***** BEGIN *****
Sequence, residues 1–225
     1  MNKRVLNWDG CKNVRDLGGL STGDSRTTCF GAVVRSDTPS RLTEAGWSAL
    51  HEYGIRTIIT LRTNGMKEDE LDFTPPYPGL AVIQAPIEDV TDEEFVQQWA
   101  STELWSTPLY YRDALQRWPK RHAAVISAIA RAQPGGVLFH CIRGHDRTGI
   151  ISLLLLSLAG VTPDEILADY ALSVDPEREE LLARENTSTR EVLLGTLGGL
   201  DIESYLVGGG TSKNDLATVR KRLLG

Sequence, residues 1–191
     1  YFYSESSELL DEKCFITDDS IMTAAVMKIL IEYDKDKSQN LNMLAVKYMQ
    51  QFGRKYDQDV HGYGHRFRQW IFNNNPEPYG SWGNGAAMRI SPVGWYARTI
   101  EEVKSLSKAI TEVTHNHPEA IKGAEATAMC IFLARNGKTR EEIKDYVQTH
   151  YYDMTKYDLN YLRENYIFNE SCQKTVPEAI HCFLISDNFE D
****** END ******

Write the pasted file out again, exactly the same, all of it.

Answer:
Sequence, residues 1–225
     1  MNKRVLNWDG CKNVRDLGGL STGDSRTTCF GAVVRSDTPS RLTEAGWSAL
    51  HEYGIRTIIT LRTNGMKEDE LDFTPPYPGL AVIQAPIEDV TDEEFVQQWA
   101  STELWSTPLY YRDALQRWPK RHAAVISAIA RAQPGGVLFH CIRGHDRTGI
   151  ISLLLLSLAG VTPDEILADY ALSVDPEREE LLARENTSTR EVLLGTLGGL
   201  DIESYLVGGG TSKNDLATVR KRLLG

Sequence, residues 1–191
     1  YFYSESSELL DEKCFITDDS IMTAAVMKIL IEYDKDKSQN LNMLAVKYMQ
    51  QFGRKYDQDV HGYGHRFRQW IFNNNPEPYG SWGNGAAMRI SPVGWYARTI
   101  EEVKSLSKAI TEVTHNHPEA IKGAEATAMC IFLARNGKTR EEIKDYVQTH
   151  YYDMTKYDLN YLRENYIFNE SCQKTVPEAI HCFLISDNFE D